If you were being generous, you’d suggest that Midnight – only the second episode of this series of Doctor Who to be penned by Russell T Davies – took some time to get going. In fact, for a good ten minutes – and it wasn’t helped by the drab trailer last week – it was looking like something of a washout.
This was the Donna-lite episode, with Catherine Tate’s character used to bookend an adventure that saw the Doctor take a leisure cruise, leaving her behind to relax. Also bookending the main body of the episode were some superb visuals, as good as anything we’ve seen since the series returned to our screens.
The main thrust of Midnight though was the aforementioned tourist trip, and this at first seemed a very bad idea (not least because they only had a leisure cruise episode back at Christmas, and some of us still remember, not too fondly, Delta And The Bannermen). With just a handful of passengers on board, and a cheap looking set, there was no sense of everyone being anywhere other than in a Cardiff-based studio.
There was no better example of this than the cockpit of the vessel they were in, which looked like something Red Dwarf would have rejected a decade ago. Factor in that there was no feeling of claustrophobia (with plenty of wide shots showing up the unimpressive set), and that the characters were – quite literally in one case – out of a soap opera, and the episode was, by the time the banging noises started on the outer hull on the vessel, looking like a bit of a disaster.
And then it got good. Really good.
It did it too in a way that Russell T Davies’ episodes rarely get commended for: for subtlely building up the tension and intrigue, one step at a time. Because just when you thought this was a bog standard aliens attacking a stranded ship tale, Davies switched tack, choosing instead a less obvious villain who possessed one of the passengers. And then, ultimately, possessed the Doctor.
Furthermore, said villain was then made genuinely unnerving through something as simple as copying what other characters were saying, and then later uttering their words in unison with them. Heck, even Murray turned the music down for a bit while all this was going on, as a Doctor Who episode simply stuck a group of people in a room and had them uttering dialogue for a good half hour of it. No gimmicks, no gags: just good writing, good performances, and a restrained Tennant in particularly fine form anchoring it all.
The supporting characters here, it should also be noted, weren’t particularly likeable (and, well, on the whole weren’t really that good either), but that was half the point. For they were as much the villain here as the creation that we never actually saw. Granted, it’s not an original trick, but this was done really well, aided by direction that gradually tightened in on its subjects, and editing that helped build the tempo. It might not have been claustrophobic at the start, but it sure turned things round for the second half of the episode.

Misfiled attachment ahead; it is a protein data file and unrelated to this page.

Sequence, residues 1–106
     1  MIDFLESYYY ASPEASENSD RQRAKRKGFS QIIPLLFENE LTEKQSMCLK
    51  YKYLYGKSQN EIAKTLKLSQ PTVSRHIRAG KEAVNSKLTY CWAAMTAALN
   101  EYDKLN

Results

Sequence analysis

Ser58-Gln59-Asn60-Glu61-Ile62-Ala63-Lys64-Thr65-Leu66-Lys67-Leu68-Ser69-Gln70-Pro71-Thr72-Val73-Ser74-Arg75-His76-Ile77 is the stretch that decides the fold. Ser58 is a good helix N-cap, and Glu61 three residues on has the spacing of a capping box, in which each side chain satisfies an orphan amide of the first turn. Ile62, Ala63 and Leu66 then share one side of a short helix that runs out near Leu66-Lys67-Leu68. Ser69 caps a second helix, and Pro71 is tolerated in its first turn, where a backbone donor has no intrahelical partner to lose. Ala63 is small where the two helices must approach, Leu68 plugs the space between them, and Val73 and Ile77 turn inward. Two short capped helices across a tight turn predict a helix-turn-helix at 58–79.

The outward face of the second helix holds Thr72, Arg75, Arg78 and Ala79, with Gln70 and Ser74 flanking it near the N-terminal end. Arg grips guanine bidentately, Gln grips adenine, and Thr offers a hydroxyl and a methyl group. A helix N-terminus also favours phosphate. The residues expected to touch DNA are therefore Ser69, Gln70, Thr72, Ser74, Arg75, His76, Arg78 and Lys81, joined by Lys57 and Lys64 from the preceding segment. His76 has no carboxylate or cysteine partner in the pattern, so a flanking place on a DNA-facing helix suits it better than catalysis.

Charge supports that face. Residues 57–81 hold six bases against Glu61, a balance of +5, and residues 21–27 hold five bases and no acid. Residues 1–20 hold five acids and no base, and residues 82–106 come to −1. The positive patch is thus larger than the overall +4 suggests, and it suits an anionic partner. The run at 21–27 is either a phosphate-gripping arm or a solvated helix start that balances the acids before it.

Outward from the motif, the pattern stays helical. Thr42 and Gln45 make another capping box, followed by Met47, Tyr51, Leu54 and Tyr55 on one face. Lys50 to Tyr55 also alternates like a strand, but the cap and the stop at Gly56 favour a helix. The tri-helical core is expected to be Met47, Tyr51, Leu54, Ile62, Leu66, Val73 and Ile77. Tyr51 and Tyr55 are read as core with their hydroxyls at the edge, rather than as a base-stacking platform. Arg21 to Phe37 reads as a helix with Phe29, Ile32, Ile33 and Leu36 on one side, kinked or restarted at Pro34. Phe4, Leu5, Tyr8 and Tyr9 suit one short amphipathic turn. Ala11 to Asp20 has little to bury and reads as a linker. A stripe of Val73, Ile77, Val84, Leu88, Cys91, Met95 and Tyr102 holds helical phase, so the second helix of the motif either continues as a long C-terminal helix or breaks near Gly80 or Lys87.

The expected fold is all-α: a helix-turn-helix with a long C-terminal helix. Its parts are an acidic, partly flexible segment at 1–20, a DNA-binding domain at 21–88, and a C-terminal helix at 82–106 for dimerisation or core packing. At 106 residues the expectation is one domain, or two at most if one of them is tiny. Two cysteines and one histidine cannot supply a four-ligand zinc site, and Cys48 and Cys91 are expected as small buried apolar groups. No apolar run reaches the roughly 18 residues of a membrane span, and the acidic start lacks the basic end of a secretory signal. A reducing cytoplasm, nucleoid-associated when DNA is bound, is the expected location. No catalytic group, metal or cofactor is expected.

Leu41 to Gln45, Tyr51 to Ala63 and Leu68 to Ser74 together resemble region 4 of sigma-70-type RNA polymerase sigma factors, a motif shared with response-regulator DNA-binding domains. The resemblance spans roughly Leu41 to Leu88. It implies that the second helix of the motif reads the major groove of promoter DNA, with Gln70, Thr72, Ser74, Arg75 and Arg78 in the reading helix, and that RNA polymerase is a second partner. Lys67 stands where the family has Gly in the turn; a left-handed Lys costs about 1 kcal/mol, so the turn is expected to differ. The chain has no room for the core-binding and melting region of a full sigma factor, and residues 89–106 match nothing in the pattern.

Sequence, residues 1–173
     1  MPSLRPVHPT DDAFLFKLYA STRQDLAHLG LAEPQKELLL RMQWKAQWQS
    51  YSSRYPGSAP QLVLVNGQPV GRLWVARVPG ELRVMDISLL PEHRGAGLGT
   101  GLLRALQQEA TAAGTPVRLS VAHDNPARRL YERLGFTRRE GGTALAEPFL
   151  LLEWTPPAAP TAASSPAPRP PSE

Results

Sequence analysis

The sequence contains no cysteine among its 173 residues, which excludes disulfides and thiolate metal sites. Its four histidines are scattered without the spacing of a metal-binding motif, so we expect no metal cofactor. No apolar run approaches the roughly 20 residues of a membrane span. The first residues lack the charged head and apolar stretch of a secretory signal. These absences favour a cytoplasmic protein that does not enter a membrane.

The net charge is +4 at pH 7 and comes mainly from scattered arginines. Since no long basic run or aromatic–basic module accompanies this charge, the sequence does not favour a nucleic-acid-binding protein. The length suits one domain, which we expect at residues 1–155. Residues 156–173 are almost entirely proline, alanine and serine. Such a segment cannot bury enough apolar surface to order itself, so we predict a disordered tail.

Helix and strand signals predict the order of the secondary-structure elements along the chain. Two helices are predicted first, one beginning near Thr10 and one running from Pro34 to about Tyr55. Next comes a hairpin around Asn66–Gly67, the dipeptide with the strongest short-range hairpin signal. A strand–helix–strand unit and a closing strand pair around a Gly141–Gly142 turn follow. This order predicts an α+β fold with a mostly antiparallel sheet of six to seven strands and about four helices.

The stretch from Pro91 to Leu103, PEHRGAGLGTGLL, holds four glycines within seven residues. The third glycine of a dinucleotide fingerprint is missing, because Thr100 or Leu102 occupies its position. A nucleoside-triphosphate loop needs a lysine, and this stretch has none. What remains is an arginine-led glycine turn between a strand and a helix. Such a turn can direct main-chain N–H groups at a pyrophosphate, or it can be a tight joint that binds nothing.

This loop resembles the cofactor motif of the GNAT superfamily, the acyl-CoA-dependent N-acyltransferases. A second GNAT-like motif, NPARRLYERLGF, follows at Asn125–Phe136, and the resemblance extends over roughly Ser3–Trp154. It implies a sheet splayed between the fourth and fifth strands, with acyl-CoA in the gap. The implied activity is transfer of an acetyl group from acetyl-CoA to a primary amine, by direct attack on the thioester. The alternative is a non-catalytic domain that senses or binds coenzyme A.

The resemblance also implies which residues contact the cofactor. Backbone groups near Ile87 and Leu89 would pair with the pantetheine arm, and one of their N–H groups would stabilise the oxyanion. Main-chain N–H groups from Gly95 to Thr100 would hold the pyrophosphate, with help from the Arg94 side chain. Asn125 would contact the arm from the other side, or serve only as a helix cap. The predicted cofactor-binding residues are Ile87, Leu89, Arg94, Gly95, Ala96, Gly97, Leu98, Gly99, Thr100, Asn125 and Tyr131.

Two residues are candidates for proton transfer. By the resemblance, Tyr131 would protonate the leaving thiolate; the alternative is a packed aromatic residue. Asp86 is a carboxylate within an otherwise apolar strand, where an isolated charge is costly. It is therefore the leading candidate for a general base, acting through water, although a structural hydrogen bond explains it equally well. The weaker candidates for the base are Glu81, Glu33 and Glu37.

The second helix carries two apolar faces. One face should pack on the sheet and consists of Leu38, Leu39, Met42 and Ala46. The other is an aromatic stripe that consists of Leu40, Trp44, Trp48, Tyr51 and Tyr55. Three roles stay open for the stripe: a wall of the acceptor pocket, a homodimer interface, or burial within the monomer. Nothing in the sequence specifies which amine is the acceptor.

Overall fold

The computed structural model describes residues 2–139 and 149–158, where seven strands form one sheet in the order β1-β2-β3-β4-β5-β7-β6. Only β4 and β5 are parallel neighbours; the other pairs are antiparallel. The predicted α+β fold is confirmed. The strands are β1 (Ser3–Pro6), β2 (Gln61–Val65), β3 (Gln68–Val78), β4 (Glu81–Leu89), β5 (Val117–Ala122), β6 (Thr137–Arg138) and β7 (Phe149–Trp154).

What’s more, it was surprising just how under the skin the mechanic of simply having someone repeating dialogue could be. You can forget your Slitheens, your Ood and your Sontarans: usually, it’s the simple things that really work, and that was certainly the case here.
It helped too that you felt that the Doctor, for once, was as powerless and frightened as the rest of them, and in fact it wasn’t even he who came anywhere close to being the saviour of everyone this time round. Midnight certainly rode roughshod over many of the series’ conventions.
And nowhere was that more evident than with the ending. Because here was an episode that, surprisingly, benefitted from not actually explaining, well, anything really. There was a price to pay, because as a result Midnight didn’t feel like a rounded or complete story, but then maybe it isn’t. There’s certainly a thread here for RTD to pick up in his final three episodes of the series.
As it stood, it was unsettling that by the time the credits rolled, the Doctor didn’t know what he had faced, and hadn’t managed to overcome it, with whatever it was clearly still out there. Heck, he didn’t even know its name. It’s all but sure, you suspect, that he’ll meet the ramifications of Midnight again in the future, and given his clear fear of what he was facing, that’s something to look forward to. Thus, while it was initially annoying that the theme tune kicked in before we were given any real clue as to what had happened, in retrospect it was quite refreshing not to have everything spoon-fed and tied up.
It wasn’t a perfect episode. A few bits fell flat, the opening was terribly weak, and it at times looked like it had been put together with the leftovers from the BBC’s prop cupboard. But, by the end, it didn’t really matter. For by containing the bulk of his episode to a single room, and letting the dialogue do the work, Russell T Davies delivered one of his best ever Doctor Who scripts. The decision to have the Doctor facing all of this by himself too also paid dividends (the theme of solitude, once more, is bubbling away there under the surface), and it bodes well for the three RTD episodes coming up to take us to the end of the series.
Talking of that, you’ll, no doubt, have noticed Rose screaming away briefly in the background too. We’ve not had her dropped in for a few weeks now, but she’s back for real in next week’s Turn Left, which is the now-traditional Doctor-lite episode of the series. The trailer didn’t give away much, short of the previously seen shot of Bernard Cribbins noting that the stars are going out. But given that this is the point in the series where we got Utopia last year, it’s fair to say that next week, things really start to get serious…
Read Martin Anderson’s take on last week’s Doctor Who right here.